Much of the commentary surrounding the court’s decision, announced Thursday, has focused on its consequences for the lives of upwards of 4 million immigrants who, by definition, are living in mixed-status households. Meanwhile, political analyses of the decision have focused on topics ranging from the potential limits of executive action to its consequences for the presidential election, particularly in the context of Latino mobilization and an unfilled Supreme Court vacancy.
But United States v. Texas also implicates a less-discussed, but critical, issue: the growing involvement of states in setting immigration policy. In this instance, a coalition of states led by Republican governors and attorneys general challenged DAPA in a federal trial court in Texas, which issued a preliminary injunction in the case that was subsequently upheld by the U.S. Court of Appeals for the 5th Circuit.
The Supreme Court deadlock means that the 5th Circuit’s ruling remains in force, keeping DAPA blocked. Now, the case goes back to the same trial court, which will make a decision as to whether the preliminary injunction should be made permanent and whether a trial on the merits is required. Effectively, one of the signature policy achievements of the Obama administration has been dismantled by a consortium of states, led by Texas.
The legal and political wrangling over DAPA reflects a broader surge in state involvement in immigration control. As we describe in our book “The New Immigration Federalism,” immigration policy was the near-exclusive domain of the federal government for nearly a century, from 1875 through 1965. Since then, however, states and localities have become more involved in questions of immigration control. This trend has accelerated in the last decade, with California and Arizona leading the way on opposite ends. California has increased various benefits to undocumented residents and limited its cooperation on federal enforcement; Arizona has prevented its cities from enacting similar policies of noncooperation and has denied most state benefits to undocumented immigrants.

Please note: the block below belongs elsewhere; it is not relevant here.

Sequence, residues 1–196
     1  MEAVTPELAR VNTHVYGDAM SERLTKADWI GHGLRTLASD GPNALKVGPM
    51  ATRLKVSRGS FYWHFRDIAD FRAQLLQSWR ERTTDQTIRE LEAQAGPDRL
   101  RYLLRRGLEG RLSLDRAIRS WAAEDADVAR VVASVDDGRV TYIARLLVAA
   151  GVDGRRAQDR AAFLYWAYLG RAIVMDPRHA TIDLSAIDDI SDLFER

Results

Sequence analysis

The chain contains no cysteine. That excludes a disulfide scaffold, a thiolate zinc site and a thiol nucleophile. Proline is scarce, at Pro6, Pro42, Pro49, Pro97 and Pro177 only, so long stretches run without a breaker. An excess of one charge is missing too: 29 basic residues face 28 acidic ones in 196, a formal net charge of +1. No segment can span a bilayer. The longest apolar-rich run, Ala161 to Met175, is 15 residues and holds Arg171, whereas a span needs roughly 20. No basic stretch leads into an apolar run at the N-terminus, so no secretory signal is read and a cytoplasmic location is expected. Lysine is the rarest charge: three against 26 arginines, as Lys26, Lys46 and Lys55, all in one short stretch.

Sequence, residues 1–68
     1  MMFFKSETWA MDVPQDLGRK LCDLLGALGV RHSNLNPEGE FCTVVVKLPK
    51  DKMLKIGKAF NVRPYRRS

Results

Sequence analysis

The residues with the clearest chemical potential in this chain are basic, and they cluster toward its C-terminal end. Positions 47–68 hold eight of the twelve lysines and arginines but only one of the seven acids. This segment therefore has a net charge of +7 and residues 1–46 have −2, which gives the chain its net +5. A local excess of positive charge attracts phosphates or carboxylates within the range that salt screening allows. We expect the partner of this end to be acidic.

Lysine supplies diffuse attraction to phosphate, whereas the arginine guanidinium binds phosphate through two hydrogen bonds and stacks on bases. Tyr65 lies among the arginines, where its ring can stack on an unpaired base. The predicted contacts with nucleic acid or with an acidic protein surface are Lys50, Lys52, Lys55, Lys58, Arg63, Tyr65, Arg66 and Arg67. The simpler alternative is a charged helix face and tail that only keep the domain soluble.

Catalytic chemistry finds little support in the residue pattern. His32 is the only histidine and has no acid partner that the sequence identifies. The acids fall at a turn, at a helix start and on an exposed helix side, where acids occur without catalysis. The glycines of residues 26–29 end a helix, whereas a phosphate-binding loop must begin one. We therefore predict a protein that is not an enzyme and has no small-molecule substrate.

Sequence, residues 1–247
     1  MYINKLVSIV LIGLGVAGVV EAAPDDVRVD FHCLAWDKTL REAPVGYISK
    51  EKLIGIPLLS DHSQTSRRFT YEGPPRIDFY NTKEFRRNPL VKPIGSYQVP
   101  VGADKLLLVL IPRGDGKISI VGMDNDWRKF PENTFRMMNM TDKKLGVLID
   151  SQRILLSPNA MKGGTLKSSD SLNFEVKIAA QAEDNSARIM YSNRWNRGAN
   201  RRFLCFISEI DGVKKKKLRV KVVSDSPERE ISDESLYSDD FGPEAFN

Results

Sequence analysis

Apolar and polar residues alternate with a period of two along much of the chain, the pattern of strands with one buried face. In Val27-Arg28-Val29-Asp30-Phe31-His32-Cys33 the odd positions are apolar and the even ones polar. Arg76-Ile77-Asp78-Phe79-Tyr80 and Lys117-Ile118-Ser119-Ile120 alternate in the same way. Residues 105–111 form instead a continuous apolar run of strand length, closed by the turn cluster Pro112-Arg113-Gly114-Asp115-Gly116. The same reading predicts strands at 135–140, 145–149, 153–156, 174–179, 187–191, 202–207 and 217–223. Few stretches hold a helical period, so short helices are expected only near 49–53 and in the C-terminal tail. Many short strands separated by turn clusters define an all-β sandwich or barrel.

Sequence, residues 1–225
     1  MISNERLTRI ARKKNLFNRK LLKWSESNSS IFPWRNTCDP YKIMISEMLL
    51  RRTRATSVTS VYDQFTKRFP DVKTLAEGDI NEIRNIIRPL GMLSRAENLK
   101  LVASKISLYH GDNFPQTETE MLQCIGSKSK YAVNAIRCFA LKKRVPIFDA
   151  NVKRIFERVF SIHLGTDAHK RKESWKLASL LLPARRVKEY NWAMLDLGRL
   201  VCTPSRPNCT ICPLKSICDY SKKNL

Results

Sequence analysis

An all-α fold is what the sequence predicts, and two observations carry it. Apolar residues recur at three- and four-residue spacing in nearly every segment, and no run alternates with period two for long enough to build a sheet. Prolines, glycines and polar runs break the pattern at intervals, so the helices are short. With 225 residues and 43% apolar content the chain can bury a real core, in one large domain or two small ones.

Occasionally, these federalism conflicts have reached the Supreme Court. At times, the court has enabled greater state control over immigration — for example, allowing Arizona to penalize employers who hire undocumented immigrants in U.S. Chamber of Commerce v. Whiting. At other times, however, it has limited state power, such as in Arizona v. United States in 2012, when the court ruled that Arizona cannot create state-level penalties for immigration violations.
The Texas case, however, presented constitutional questions more complex than the usual state vs. federal conflicts in immigration law, which typically involve states or localities passing laws that are then defended on state autonomy grounds.
By comparison, Texas involved a three-way fight among the president, Congress and the states. While many in Congress — specifically its GOP leadership — decried DAPA as the president’s usurpation of their chamber’s legislative function and as imperial lawmaking, they were ineffective in stopping it. Although Congress could have legislated to override the program, or fund greater enforcement, it has been unable to do so.
Instead, states led the charge. To find their way into federal court, Texas alleged financial injury based on its claim that applications for driver’s licenses by DAPA recipients created significant costs for the state. Once in court, however, the states’ argument raised the same claims that the Republican leadership in Congress would have made; chiefly that the president violated the statutory limits set by Congress and was effectively lawmaking.
Thus, as we argue in a recent article, this fight over DAPA is part of a growing trend of state and local resistance, fought along partisan lines, to federal executive programs on immigration. The same dynamic emerged when Obama announced his plan to accept Syrian refugees in 2015 or to resettle Central American asylum seekers in 2014. In both instances, state resistance meant the selective application of executive action in more friendly jurisdictions.
However, state involvement has not always meant resisting presidential action. Indeed, in the case of Deferred Action for Childhood Arrivals (DACA), many states deepened and solidified the president’s executive action by enacting complementary legislation such as expanded access to driver’s licenses, health insurance and educational opportunities to DACA beneficiaries. Both reactions from the states, resistance or acceptance, typically fall along party lines.
Importantly, Texas represents a new moment in immigration federalism. While previous state resistance meant selective application of executive action — strong in some places and weak in others — the state plaintiffs here were able to use a federal court to dismantle a major federal administrative policy.
States were not able to just carve out a niche for their own oppositional lawmaking. Instead, they were able to effectively alter the course of a national program. Looking ahead, the result in Texas will probably embolden states to intervene more frequently in large-scale immigration decisions, taking sides in a policy fight that previously was left mainly to Congress and the presidency.
Pratheepan Gulasekaram is associate professor of law at Santa Clara University and a co-author of “The New Immigration Federalism.” Karthick Ramakrishnan is professor of public policy at the University of California at Riverside and a co-author of “The New Immigration Federalism.”